New Delhi: After the Centre imposed a ban on Islamic terror outfit PFI on Tuesday, both the state and central police forces have been on high alert to maintain the law and order situation in the country. According to reports, additional police forces have been deployed in sensitive areas so that immediate action can be taken in case of any untoward incident.
“We are on alert mode. We are ready to handle any situation. North East district has been put under active Yellow scheme, Orange scheme and Red scheme. Today, an exercise was conducted in North East district to check the effectiveness of the Yellow Scheme which is meant to deal with any exigency in the district,” said Delhi Police DCP Sanjay Kumar.
Amid speculations, various social media accounts of PFI and its students’ wing CFI (Campus Front of India) have been changed their profile names into ‘Intifada’. The official Twitter account of Popular Front of India (PFI) has been withheld in India by the social media platform “in response to a legal demand”, a day after the Centre banned the outfit under the Unlawful Activities Prevention Act (UAPA) for “terror links”. The government had yesterday ordered the blocking of all the social media traces of the banned outfit, including its Twitter, YouTube channels, Instagram, and Facebook accounts.
‘Intifada’ means a series of riots and violence launched by Jihadis against a government or rule. PFI renaming its social media profile as ‘Intifada’ has sparked speculations that the banned terrorist group is now preparing for widespread violence and riots across the country. PFI Kerala state unit had called for a state-wide hartal on September 23 against raids on the outfit and arrests of its leaders. During the hartal, there was widespread violence across the state. In multiple incidents, Palestinian-model stone pelting and petrol bomb explosions were reported from the state.
What is Intifada?
According to Wikipedia, an intifada (Arabic: انتفاضة intifāḍah) is a rebellion or uprising, or a resistance movement. It is a key concept in contemporary Arabic usage referring to a legitimate uprising against oppression.
The concept intifada was first utilized in modern times in 1952 within the Kingdom of Iraq, when socialist and communist parties took to the streets to protest the Hashemite monarchy, with inspiration of the 1952 Egyptian Revolution.
The concept was adopted in Western Sahara, with the gradual withdrawal of Spanish forces in the 1970s as the Zemla Intifada, but was essentially rooted into the Western Sahara conflict with the First Sahrawi Intifada – protests by Sahrawi activists in the Western Sahara, south of Morocco (1999–2004), Independence Intifada (Western Sahara) or Second Sahrawi Intifada and finally the Gdeim Izik protests in 2011.
In the Palestinian context, the word refers to attempts to “shake off” the ‘Israeli occupation’ of the West Bank and Gaza Strip in the First and Second Intifadas, where it was originally chosen to connote “aggressive nonviolent resistance”, a meaning it bore among Palestinian students in struggles in the 1980s and which they adopted as less confrontational than terms in earlier militant rhetoric since it bore no nuance of violence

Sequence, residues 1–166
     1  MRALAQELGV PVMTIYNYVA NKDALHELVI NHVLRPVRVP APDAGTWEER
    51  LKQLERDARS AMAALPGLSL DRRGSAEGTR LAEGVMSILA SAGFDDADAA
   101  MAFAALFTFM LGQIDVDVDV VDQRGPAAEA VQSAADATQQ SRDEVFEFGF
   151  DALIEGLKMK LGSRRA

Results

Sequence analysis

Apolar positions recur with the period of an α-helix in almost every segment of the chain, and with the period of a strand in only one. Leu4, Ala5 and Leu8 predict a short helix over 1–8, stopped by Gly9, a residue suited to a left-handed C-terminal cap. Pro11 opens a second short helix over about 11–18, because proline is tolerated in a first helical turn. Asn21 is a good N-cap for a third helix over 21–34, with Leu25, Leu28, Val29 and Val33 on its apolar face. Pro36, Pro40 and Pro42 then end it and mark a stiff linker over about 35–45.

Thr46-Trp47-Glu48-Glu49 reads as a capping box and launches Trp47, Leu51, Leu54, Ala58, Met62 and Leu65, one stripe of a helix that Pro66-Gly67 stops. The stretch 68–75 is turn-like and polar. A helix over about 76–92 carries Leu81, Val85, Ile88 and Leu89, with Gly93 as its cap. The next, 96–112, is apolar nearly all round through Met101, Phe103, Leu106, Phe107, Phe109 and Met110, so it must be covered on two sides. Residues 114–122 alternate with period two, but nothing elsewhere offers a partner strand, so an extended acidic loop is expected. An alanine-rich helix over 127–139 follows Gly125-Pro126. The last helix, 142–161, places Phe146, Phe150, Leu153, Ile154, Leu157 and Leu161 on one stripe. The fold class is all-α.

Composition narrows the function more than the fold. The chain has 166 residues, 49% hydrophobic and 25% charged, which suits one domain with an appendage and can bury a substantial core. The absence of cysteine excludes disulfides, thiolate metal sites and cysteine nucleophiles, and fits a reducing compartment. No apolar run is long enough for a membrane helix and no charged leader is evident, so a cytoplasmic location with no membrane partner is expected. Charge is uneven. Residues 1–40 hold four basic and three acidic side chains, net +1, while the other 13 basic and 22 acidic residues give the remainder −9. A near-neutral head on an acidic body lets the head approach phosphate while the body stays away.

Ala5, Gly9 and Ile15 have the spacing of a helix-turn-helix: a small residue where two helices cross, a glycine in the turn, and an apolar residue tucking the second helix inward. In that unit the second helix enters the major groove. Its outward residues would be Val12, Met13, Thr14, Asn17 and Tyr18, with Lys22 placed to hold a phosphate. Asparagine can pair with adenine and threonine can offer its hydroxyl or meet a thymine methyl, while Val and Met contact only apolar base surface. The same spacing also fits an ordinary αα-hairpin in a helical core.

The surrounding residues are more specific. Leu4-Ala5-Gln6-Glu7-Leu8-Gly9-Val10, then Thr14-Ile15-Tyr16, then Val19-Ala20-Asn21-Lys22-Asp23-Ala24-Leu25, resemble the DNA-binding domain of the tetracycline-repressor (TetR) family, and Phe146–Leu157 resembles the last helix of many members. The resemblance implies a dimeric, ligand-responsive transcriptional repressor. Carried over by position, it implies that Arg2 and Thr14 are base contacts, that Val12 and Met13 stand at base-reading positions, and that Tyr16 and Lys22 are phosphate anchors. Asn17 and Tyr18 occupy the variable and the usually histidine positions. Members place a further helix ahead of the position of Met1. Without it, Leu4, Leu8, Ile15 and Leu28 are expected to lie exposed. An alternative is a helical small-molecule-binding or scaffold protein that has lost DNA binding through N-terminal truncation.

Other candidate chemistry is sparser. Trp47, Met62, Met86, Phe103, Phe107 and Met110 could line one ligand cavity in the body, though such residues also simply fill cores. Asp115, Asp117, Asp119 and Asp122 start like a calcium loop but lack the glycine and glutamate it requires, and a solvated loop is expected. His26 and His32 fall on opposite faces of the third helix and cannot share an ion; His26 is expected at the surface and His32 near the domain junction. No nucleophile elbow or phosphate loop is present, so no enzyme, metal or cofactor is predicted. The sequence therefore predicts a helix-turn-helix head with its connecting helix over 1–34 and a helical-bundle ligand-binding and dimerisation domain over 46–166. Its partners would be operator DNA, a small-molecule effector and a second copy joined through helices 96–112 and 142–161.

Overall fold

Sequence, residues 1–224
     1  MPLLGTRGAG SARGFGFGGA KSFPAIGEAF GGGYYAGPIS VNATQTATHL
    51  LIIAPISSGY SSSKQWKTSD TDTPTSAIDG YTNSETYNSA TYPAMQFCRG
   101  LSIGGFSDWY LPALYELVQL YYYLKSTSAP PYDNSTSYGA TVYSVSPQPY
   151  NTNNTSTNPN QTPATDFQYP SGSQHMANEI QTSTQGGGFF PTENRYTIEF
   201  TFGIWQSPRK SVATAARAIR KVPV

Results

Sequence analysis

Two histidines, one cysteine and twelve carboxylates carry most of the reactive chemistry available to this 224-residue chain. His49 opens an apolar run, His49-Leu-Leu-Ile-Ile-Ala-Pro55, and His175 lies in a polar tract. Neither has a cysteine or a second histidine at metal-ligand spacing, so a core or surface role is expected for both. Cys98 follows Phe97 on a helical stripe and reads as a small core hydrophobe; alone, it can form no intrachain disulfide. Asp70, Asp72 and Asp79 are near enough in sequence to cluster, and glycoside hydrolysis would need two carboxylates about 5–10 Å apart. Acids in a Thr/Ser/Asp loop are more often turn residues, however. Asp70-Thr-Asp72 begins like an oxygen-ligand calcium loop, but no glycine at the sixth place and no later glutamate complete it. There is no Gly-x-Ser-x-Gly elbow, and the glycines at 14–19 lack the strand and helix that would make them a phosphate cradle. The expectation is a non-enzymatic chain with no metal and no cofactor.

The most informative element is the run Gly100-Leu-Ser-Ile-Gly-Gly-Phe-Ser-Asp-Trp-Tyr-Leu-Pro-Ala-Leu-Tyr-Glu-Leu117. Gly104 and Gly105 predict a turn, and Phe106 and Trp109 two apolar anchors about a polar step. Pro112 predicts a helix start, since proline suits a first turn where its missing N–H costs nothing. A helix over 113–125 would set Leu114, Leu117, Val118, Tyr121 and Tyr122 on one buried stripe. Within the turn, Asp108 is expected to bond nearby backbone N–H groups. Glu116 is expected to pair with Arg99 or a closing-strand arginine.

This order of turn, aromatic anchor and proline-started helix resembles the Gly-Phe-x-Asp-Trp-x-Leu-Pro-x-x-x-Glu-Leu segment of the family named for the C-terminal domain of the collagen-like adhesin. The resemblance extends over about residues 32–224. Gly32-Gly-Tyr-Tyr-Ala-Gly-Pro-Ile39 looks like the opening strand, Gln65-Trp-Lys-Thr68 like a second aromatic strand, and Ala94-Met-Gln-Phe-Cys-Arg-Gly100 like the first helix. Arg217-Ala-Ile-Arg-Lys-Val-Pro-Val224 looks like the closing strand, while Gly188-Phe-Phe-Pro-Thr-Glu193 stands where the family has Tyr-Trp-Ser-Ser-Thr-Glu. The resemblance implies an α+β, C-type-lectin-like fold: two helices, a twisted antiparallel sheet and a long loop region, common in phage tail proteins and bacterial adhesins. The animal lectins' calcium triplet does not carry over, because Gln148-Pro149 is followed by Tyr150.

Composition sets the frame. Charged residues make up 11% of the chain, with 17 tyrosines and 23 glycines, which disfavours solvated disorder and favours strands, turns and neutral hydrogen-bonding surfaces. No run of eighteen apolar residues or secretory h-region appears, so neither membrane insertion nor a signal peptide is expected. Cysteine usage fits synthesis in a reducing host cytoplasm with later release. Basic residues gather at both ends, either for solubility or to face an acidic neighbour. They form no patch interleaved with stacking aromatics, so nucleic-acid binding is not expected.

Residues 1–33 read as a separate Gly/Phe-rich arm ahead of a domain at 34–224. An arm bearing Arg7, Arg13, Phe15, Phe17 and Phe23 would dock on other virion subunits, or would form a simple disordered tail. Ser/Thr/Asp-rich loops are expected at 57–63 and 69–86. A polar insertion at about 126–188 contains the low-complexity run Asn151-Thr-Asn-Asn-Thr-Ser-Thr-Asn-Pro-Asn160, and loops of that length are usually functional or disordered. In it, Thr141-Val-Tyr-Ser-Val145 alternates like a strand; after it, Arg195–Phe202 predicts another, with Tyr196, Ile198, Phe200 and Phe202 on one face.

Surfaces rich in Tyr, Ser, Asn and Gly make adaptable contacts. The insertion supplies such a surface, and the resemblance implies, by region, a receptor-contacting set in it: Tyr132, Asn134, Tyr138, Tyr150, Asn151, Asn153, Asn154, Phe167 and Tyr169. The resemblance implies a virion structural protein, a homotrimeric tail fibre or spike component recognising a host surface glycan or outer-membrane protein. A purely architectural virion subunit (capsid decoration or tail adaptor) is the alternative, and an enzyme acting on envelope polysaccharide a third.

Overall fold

Here’s a list of events named Intifada
- Iraqi Intifada, a series of strikes and riots in Iraq in 1952, aimed against the Hashemite monarchy rule
- October Revolution, a series of strikes, riots, and demonstrations in Sudan, that ended with the dissolution of the Abbud military regime and the beginning of second civilian rule in 1964
- March Intifada, a leftist uprising against the British colonial presence in Bahrain in March 1965
- Zemla Intifada, against Spanish colonial rule in then Spanish Sahara, in June 1970
- In Lebanese internal conflicts:
February 6 Intifada (1984), during the Lebanese Civil War
Cedar Revolution or “Intifada of Independence”, the events in Lebanon after Rafic Hariri’s 2005 assassination
- In the Israeli–Palestine conflict:
First Intifada, a Palestinian uprising against the Israeli occupation lasting from December 1987 to 1993
Second Intifada or the Al-Aqsa Intifada, a period of intensified Israeli-Palestinian violence, which began in late September 2000 and ended around 2005
2014 Jerusalem unrest, a series of violent acts and attacks in Jerusalem in 2014 sometimes referred to as “Intifada”
- Israeli–Palestinian conflict (2015) – 2015 escalation in Israeli–Palestinian conflict, sometimes referred to as “Al-Quds Intifada” or “Jerusalem Intifada” or “Knife Intifada”
- 1990s uprising in Bahrain, an uprising demanding a return to democratic rule, also known as the “1990s Intifada”
- 1991 Iraqi uprisings, an armed uprising against Saddam Hussein in Iraq, also known as “Iraqi Intifada of 1991”
- In the Western Sahara conflict:
First Sahrawi Intifada, protests by Sahrawi activists in the Western Sahara, south of Morocco (1999–2004)
Independence Intifada (Western Sahara) or Second Sahrawi Intifada, demonstrations and riots in Western Sahara, south of Morocco, beginning in May 2005
Gdeim Izik protests, also referred as Third Sahrawi Intifada or simply Third Inifada
- 2005 French riots often referred as “French Intifada”
- Arab Spring, a revolutionary wave which began on 18 December 2010 in Tunisia, sometimes referred to as “Intifada”:
- Tunisian Revolution, or Tunisian Intifada
- 2011 Yemeni Revolution, or Yemeni Intifada
- Egyptian Revolution of 2011, or Egyptian Intifada
- 2011–2013 Sudanese protests, or Sudanese Intifada
- 2018–19 Arab protests
- 2019–20 Lebanese protests, nicknamed the Tax Intifada
- October 2019 Iraqi protests, nicknamed Iraqi Intifada